Dr. Kelley in this excellent elucidation of Western Civilization and its formative ideas challenges the adherents of Christianity to build a culture with consistency and faithfulness to its covenantal presuppositions in the areas of epistemology, metaphysics, and ethics with the goal of fulfilling God's ordained purposes in history.

Note: Dr. Kelley's book may be out of print at this time. However, a search on the Internet may turn up a used copy. It is well worth tracking down a used copy of this book if a new copy cannot be found.

Does Greek Philosophy influence Christians?

In his book The Reformed Pastor and Modern Thought, Dr. Van Till says the following concerning Greek philosophy:

The ultimate concern of the Reformers was to bring the fullness of grace in its purity to men. They, therefore, sought to set it free from the encrustations of Greek metaphysics, which are the metaphysics of fallen man. (171)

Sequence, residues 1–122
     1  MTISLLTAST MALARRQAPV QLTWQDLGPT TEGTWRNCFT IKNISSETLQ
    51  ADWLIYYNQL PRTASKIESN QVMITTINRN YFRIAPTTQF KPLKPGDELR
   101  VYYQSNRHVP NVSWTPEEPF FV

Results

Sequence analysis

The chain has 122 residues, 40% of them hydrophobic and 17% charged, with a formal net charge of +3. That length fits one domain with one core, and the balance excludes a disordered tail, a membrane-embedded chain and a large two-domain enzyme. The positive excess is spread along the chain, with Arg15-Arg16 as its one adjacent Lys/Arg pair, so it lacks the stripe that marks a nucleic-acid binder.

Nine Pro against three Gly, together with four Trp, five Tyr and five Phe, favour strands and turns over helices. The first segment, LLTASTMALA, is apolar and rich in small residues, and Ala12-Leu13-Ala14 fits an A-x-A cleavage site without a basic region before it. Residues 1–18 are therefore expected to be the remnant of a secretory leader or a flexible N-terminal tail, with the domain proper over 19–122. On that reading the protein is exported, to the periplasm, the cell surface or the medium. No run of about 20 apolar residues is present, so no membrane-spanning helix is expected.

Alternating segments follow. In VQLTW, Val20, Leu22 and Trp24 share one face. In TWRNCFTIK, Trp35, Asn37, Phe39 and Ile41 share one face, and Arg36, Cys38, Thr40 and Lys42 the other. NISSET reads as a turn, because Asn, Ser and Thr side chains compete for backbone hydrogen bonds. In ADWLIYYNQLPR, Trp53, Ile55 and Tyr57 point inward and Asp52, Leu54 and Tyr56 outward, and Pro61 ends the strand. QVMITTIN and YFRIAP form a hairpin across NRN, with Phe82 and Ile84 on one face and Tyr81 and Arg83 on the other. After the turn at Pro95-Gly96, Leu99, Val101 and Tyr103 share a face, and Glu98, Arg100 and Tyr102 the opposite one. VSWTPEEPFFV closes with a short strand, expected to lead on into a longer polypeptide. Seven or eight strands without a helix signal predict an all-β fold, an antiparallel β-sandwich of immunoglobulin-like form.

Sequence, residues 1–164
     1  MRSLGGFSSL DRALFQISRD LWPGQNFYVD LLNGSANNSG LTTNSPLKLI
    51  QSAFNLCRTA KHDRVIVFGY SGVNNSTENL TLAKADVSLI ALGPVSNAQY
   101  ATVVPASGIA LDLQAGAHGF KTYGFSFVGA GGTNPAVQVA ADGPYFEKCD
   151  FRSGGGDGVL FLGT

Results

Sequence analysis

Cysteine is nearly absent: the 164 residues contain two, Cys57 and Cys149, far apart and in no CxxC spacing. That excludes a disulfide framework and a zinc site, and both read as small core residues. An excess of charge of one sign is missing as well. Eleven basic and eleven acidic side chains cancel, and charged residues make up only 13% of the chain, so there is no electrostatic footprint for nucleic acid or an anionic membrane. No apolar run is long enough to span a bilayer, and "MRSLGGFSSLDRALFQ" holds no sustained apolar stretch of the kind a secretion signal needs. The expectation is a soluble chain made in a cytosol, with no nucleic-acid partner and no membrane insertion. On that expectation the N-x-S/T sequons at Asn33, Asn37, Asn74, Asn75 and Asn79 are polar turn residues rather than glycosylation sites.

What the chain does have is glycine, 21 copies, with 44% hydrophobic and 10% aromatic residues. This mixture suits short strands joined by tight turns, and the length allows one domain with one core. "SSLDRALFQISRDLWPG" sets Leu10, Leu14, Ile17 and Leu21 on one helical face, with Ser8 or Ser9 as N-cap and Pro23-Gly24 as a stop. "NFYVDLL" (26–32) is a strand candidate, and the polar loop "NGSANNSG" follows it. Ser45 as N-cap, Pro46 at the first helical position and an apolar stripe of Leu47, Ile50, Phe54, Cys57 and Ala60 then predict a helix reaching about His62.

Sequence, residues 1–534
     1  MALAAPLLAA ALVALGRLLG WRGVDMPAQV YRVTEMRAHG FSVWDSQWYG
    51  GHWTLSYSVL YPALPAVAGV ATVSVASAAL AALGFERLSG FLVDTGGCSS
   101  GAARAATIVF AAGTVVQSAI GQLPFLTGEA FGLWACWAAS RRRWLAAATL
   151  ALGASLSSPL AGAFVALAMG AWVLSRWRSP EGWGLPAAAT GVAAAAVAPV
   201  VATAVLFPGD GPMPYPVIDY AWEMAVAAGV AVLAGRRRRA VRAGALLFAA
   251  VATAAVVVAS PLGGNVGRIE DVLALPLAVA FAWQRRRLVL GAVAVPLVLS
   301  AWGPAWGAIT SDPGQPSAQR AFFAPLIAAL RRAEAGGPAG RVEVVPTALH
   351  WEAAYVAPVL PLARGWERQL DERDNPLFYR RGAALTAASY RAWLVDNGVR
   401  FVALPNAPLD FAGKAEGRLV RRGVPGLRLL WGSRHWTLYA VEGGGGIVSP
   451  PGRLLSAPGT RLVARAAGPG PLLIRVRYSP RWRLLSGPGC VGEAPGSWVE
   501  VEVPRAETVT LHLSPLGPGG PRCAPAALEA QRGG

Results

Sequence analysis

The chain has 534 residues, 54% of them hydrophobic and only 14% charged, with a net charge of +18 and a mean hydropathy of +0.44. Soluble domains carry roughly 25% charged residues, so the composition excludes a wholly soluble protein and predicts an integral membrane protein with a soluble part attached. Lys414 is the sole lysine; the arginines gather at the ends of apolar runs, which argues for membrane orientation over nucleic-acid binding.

Van Til's use of the word encrustation shows how pervasive he believed Greek philosophy to be. The philosophical positions advanced by the Greeks influenced mainly the areas of epistemology, ontology, ethics, and teleology that the Greek argumentation is a sufficient cause for positions that have been adopted by western religions and philosophy.

While admitting that many aberrational religions and philosophers may not be aware of the original source of some of their positions, they nevertheless are dependent upon Greek philosophical ideas at numerous points. Apostate thinking down to the present day has never escaped entirely from Greek thought. I believe that many forms of paganism are related, too, and are the result of the superior apostate thinking of the Greek philosophers.

Has Christianity been influenced by Greek Philosophy?